Biological properties of renal-specific oxidoreductase (RSOR), characteristics of its promoter, and underlying mechanisms regulating its expression in diabetes were analyzed. RSOR expression, normally confined to the renal cortex, was markedly increased and extended into the outer medullary tubules in db/db mice, a model of type 2 diabetes. Exposure of LLCPK cells to D-glucose resulted in a dose-dependent increase in RSOR expression and its enzymatic activity. The latter was related to one of the glycolytic enzymes, myo-inositol oxygenase. The increase in activity was in proportion to serum glucose concentration. The RSOR expression also increased in cells treated with various organic osmolytes, e.g., sorbitol, myoinositol, and glycerolphosphoryl- choline and H2O2. Basal promoter activity was confined to -1,252 bp upstream of ATG, and it increased with the treatment of high glucose and osmolytes. EMSAs indicated an increased binding activity with osmotic-, carbohydrate-, and oxidant-response elements in cells treated with high glucose and was abolished by competitors. Supershifts, detected by anti-nuclear factor of activated T cells, and carbohydrate-response-element-binding protein established the binding specificity. Nuclear factor of activated T cells tonicity-enhancer-binding protein and carbohydrate-response-element-binding protein had increased nuclear expression in cells treated with high glucose. The activity of osmotic-response element exhibited a unique alternate binding pattern, as yet unreported in osmoregulatory genes. Data indicate that RSOR activity is modulated by diverse mechanisms, and it is endowed with dual properties to channel glucose intermediaries, characteristic of hepatic aldehyde reductases, and to maintain osmoregulation, a function of renal medullary genes, e.g., aldose reductase, in diabetes.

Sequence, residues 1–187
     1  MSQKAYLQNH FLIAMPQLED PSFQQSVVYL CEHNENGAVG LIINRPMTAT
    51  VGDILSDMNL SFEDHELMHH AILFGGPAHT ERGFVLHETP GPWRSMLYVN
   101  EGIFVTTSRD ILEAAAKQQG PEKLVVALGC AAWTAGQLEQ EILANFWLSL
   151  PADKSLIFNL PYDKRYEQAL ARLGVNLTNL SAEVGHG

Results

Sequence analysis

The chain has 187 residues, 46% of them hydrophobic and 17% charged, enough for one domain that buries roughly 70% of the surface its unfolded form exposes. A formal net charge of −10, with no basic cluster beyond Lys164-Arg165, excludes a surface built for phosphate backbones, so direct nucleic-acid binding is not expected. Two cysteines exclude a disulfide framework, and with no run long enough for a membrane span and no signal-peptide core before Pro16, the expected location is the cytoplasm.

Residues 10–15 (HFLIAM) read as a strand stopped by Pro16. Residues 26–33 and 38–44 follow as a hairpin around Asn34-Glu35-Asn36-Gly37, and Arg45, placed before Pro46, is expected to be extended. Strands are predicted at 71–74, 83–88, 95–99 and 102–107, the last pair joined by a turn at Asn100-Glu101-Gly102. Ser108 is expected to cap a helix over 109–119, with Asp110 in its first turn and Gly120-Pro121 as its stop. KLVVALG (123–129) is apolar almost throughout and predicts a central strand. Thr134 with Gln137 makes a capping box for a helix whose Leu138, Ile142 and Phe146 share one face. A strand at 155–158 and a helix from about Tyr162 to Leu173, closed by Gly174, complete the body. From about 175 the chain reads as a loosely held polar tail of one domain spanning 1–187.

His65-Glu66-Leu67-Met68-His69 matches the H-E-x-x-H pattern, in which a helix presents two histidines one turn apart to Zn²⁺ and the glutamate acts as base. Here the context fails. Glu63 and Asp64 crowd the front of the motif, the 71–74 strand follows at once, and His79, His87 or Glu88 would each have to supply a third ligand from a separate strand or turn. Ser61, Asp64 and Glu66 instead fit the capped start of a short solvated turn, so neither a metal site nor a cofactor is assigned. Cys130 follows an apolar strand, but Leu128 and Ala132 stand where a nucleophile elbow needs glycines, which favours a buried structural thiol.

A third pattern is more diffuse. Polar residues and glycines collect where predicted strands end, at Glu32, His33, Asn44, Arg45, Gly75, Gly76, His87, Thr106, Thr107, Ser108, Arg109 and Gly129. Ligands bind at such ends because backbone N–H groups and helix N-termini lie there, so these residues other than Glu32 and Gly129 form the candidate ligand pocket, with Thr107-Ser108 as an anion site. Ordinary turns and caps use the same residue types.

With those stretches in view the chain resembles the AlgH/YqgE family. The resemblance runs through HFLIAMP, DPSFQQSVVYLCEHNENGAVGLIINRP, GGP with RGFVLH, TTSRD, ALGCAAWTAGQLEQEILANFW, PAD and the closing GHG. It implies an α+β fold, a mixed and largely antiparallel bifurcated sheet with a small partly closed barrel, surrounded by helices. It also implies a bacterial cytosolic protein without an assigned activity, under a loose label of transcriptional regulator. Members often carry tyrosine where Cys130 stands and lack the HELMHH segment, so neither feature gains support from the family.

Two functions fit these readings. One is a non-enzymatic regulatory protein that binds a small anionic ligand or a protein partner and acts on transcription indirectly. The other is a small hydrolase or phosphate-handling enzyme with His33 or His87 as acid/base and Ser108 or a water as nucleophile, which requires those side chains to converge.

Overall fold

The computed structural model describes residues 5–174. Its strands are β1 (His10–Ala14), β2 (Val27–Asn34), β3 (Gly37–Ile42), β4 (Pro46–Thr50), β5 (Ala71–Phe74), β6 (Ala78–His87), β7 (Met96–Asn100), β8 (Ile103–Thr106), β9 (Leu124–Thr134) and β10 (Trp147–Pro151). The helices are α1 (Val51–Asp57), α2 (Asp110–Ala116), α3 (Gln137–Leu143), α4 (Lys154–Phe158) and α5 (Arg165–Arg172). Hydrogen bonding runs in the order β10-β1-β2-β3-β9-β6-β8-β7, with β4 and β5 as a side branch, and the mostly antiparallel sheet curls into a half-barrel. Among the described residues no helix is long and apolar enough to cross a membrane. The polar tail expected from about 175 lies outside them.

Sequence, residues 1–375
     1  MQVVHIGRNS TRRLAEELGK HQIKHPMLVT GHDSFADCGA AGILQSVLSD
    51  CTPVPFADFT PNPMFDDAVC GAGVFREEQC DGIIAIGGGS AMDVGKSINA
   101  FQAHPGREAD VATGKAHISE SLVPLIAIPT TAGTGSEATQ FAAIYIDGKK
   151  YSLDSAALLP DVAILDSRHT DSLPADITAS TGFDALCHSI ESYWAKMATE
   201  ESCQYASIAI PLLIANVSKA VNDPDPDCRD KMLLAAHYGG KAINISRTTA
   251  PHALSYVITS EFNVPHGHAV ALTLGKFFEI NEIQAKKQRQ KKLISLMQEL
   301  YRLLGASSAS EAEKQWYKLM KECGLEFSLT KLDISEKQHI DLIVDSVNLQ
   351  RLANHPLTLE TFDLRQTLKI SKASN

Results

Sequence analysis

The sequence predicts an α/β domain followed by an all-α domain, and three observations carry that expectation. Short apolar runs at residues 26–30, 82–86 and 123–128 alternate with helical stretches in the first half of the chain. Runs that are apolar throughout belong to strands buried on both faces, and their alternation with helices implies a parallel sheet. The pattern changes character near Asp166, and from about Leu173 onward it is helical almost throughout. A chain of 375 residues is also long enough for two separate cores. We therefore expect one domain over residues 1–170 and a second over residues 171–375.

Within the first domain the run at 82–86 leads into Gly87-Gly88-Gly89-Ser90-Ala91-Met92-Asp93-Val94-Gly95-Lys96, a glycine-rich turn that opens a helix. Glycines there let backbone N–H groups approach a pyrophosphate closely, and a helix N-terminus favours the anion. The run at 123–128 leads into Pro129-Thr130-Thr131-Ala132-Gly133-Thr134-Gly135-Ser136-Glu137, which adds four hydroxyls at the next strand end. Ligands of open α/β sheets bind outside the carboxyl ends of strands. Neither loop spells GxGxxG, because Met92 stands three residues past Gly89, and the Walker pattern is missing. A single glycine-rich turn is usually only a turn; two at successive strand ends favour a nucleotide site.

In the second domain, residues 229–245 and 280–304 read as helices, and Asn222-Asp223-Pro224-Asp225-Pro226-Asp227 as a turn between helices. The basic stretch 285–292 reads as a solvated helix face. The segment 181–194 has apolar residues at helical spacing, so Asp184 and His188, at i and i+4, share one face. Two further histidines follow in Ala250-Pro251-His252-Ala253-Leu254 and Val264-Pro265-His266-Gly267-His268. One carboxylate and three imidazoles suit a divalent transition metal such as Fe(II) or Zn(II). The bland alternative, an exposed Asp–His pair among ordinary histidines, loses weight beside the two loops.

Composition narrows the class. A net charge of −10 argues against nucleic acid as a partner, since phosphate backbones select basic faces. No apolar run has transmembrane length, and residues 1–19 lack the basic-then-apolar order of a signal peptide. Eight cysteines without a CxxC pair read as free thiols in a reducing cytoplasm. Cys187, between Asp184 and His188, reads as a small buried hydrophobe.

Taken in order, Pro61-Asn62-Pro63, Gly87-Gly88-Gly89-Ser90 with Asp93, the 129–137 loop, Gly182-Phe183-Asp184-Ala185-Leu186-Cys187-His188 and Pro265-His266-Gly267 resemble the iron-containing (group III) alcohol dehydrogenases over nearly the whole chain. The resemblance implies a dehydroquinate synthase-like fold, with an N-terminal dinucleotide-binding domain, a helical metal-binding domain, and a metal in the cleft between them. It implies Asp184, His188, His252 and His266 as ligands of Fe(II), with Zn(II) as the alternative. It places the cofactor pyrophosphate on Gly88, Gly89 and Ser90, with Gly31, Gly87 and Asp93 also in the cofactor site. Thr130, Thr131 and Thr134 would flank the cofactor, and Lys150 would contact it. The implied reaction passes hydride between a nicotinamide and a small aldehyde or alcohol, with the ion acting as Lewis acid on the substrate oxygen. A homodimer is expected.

|Number of pages
|Proceedings of the National Academy of Sciences of the United States of America
|Published - Dec 13 2005
- Diabetic nephropathy
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